Is it possible to become addicted to gaming on the internet?
Yes, warns new research that discovered when young people get too hooked it may trigger sleep difficulties, depression, anxiety and, in some cases, even suicidal thoughts.
Phone interviews conducted among nearly 3,000 American college students between 2007 and 2015 revealed that roughly one in 20 had "internet gaming disorder," a clinical condition defined by the compulsive use of electronics, both online and offline.
"Like with any addiction, to be considered a disorder, internet gaming must cause disturbances in daily life," explained study author Dr. Maurice Ohayon, director of the Stanford Sleep Epidemiology Research Center at Stanford University in Palo Alto, Calif.
One example: "Playing [online] until late in the night, and then having difficulties to get up in the morning to go to class or to work, or simply skipping classes," Ohayon said.
Ohayon also found that the behavior was linked to a higher-than-normal risk for "feeling unrested when they wake up, being fatigued, feeling depressed, and having social anxiety."
Does that definitively mean that gaming disorder directly causes poor mental and physical health? No, said Ohayon, who cautioned that not enough is known about the disorder, and "causality cannot be inferred."
Still, he and his colleague found evidence that "many elements -- such as feeling depressed, social anxiety, having very few friends, being unhappy with social life, and suicidal [thoughts] -- pointed to social isolation or loneliness among students with internet gaming disorder."
The study authors noted that 90% of American households are now connected to the internet, with teens and young adults among its biggest users.
Starting in the late 1990s, researchers began looking into the potential downside of heavy internet use. Back in 2013, that concern prompted the American Psychiatric Association to include internet gaming disorder as an official diagnosis in its updated diagnostic manual.
But what exactly separates excessive internet use from a true addiction remains a matter of debate. "Right now," Ohayon said, the manual has put internet gaming disorder in the section of diagnoses that need further investigation "because it is a relatively recent problem, and we still have insufficient data."
That might explain why internet gaming disorder estimates range widely, with prevalence in the United States pegged as low as less than 1% to as high as more than 9%.
To get a better handle on the true extent of the problem, the team focused on a pool of Stanford University students.
Student interviews lasted about 75 minutes, on average. Internet gaming disorder was diagnosed only if a student reported using the internet and/or an electronic device for at least 15 hours per week and indicated at least five ongoing behavioral issues.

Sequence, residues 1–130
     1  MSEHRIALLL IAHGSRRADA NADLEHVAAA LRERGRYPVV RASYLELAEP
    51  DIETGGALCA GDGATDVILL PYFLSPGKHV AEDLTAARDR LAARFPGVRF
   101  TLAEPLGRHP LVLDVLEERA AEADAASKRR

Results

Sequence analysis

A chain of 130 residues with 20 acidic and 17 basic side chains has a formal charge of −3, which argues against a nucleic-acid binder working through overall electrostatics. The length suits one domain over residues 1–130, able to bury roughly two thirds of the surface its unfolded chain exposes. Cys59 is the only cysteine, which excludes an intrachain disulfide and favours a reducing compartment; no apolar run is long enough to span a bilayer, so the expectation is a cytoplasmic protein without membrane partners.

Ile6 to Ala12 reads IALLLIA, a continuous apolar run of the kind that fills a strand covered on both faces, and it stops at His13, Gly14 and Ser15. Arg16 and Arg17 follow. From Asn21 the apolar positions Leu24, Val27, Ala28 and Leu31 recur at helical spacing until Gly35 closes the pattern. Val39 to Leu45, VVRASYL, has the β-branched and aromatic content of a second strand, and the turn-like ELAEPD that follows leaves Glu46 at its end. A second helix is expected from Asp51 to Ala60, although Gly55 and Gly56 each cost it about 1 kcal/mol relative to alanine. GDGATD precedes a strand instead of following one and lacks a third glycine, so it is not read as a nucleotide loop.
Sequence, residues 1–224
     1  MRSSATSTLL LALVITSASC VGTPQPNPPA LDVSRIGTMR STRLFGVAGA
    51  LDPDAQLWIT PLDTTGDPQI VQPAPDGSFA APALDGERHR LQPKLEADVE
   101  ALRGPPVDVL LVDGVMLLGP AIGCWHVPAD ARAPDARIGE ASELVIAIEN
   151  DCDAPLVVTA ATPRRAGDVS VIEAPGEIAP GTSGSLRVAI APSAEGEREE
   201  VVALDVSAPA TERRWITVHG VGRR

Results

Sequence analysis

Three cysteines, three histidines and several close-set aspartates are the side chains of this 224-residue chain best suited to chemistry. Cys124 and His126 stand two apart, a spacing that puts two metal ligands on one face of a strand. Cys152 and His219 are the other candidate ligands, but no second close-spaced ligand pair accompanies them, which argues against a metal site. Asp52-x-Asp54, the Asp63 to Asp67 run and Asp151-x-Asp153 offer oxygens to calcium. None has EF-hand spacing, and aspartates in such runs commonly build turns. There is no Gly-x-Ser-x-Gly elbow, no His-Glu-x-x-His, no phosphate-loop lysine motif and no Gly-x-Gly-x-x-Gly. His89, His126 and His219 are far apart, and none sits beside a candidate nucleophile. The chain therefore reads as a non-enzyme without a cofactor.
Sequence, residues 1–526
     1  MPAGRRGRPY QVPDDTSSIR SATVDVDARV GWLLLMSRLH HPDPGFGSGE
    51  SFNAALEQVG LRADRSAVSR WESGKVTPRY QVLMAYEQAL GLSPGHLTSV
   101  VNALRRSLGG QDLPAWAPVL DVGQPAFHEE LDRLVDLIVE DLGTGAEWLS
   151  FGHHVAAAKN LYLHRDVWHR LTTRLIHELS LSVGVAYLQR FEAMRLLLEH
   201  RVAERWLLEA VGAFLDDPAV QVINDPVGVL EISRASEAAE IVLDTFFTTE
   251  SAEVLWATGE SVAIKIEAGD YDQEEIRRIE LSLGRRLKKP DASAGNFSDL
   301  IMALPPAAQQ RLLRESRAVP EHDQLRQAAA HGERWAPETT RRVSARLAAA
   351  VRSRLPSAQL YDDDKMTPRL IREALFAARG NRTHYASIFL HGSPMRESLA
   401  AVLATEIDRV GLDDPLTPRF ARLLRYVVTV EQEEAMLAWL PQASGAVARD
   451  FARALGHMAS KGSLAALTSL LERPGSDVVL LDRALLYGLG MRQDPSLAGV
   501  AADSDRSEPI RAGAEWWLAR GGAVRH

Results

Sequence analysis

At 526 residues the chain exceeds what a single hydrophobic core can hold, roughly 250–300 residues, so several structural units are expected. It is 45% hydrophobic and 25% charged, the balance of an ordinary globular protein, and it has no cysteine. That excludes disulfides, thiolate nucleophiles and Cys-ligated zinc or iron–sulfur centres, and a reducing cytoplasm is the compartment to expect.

Those included: missing or being late for class; feeling guilty about internet habits; loss of ambition or efficiency; behaving carelessly; having trouble sleeping; increasingly jumping online after feeling argumentative, disappointed or frustrated; going online to "escape" feeling worried; or lying about their internet habits.
The team found that 5.3% of those interviewed had the disorder, with overall risk appearing to be slightly -- but not significantly -- higher among boys.
The findings were published online recently in the journal Psychiatry Research.
One psychiatrist not involved in the study described the investigation as "an extremely well-done study, and very helpful to our field."
But "as is the case with any form of addiction, it's important to know that not everyone who enjoys using the internet will develop an addiction. Just like the vast majority of people who drink alcohol will not become alcoholic," stressed Dr. Petros Levounis, chair of the department of psychiatry at Rutgers New Jersey Medical School.
"But there is a significant number of people who will," he acknowledged, although why some fall prey to internet gaming disorder is not always clear.
"Some kids may have socializing issues that lead them to spend more time online; some might develop problems because of the time they spend online," Levounis said. "But it's not necessarily the chicken or the egg. It can be both."
Either way, having internet gaming disorder means that "they will always think about it," Levounis said. "They will crave being online, they will spend inordinate amounts of time online, and they may try to cut down but find that they're not able to. They know it's bad, but they just can't stop."
And that, he added, "can have serious consequences. Your job, your studies, your grades start suffering. Your interpersonal relations start going south, and you stop having other interests or hobbies."
As to what can be done, Levounis said the interventions "are very similar" to what would be done when dealing with any kind of addiction. "Except we don't have specific medications for this," he noted. "So the work will largely involve cognitive behavioral therapy and counseling to help motivate the patient to change their behavior."
There's more on internet gaming disorder at the American Psychiatric Association.
SOURCES: Maurice Ohayon, MD, DSc, PhD, professor, psychiatry and behavioral sciences, and director, Stanford Sleep Epidemiology Research Center, Stanford University, Palo Alto, Calif.; Petros Levounis, MD, MA, professor and chair, department of psychiatry, Rutgers New Jersey Medical School, and chief of service, University Hospital, Newark, N.J.; Psychiatry Research, June 6, 2021, online